- My dad turned around and stared at us, his fear confirming that something wasn't right ― and maybe even very wrong.
One student struggles to understand the sentence especially in a bold part. - and (something) "may be even very wrong" or "- and maybe even very wrong". I think he/she is unsatisfied with the verb coordination after the conjunction "- dash" with the previous that clause.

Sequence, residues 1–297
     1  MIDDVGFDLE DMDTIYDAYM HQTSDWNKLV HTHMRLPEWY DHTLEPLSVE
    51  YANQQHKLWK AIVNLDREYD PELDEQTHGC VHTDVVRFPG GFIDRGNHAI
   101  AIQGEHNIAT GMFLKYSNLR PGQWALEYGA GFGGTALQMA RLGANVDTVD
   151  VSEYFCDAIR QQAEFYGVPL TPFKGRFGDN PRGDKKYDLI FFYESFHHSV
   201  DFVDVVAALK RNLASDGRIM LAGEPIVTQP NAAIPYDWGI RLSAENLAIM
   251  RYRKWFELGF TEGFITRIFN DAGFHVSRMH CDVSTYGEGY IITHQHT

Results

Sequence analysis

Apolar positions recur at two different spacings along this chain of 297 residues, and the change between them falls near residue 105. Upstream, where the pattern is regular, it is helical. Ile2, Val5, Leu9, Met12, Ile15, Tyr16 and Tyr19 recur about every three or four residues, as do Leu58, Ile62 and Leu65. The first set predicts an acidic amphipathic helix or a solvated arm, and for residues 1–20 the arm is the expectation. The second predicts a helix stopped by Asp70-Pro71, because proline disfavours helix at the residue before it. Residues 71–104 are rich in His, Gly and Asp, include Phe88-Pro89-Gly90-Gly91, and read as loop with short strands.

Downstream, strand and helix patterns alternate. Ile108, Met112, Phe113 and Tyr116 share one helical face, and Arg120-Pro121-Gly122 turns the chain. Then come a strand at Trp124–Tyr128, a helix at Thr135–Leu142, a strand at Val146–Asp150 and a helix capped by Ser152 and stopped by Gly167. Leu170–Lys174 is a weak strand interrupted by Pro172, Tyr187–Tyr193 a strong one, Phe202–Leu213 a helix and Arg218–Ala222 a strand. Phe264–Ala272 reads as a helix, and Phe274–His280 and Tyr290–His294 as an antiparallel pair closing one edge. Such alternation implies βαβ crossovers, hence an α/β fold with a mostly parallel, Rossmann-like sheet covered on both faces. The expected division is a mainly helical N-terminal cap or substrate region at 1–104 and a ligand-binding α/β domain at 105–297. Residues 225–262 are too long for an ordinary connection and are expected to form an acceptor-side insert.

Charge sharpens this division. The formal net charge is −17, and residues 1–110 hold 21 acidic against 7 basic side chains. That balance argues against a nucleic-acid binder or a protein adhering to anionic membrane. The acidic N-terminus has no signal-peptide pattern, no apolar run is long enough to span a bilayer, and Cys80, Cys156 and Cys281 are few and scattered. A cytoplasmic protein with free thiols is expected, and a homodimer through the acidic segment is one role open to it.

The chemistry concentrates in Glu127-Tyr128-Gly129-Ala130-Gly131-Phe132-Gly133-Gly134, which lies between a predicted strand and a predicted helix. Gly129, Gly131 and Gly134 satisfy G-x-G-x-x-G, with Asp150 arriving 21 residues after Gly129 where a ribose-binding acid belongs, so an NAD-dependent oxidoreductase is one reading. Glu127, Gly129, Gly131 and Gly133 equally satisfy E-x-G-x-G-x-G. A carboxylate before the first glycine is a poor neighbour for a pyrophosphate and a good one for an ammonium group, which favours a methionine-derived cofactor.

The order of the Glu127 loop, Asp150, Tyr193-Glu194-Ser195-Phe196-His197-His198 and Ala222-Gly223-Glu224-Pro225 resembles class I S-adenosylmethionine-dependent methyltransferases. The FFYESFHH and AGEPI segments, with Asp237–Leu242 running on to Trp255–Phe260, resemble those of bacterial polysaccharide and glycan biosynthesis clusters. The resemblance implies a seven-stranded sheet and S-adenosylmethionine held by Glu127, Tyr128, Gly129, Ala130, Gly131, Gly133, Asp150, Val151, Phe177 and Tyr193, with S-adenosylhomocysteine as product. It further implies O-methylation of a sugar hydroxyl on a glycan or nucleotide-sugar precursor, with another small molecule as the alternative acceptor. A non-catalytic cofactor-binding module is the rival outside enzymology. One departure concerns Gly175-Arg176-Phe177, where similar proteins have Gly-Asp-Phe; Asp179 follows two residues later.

In my opinion, it's simply explaining the extent of the dad's judgement (wasn't right - even very wrong). So, maybe is better than may be in the sentence.
Is it an idiom (I saw "Not Even Wrong" as a phrase) or any typos or something else?